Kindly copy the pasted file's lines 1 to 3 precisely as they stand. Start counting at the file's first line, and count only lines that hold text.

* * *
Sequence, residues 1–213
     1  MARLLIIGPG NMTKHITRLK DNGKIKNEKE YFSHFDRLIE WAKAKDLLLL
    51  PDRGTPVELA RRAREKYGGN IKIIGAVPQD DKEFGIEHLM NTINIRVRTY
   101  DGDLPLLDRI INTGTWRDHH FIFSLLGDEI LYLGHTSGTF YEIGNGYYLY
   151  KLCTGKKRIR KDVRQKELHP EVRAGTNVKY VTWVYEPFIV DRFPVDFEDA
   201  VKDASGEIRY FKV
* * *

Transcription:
Sequence, residues 1–213
     1  MARLLIIGPG NMTKHITRLK DNGKIKNEKE YFSHFDRLIE WAKAKDLLLL
    51  PDRGTPVELA RRAREKYGGN IKIIGAVPQD DKEFGIEHLM NTINIRVRTY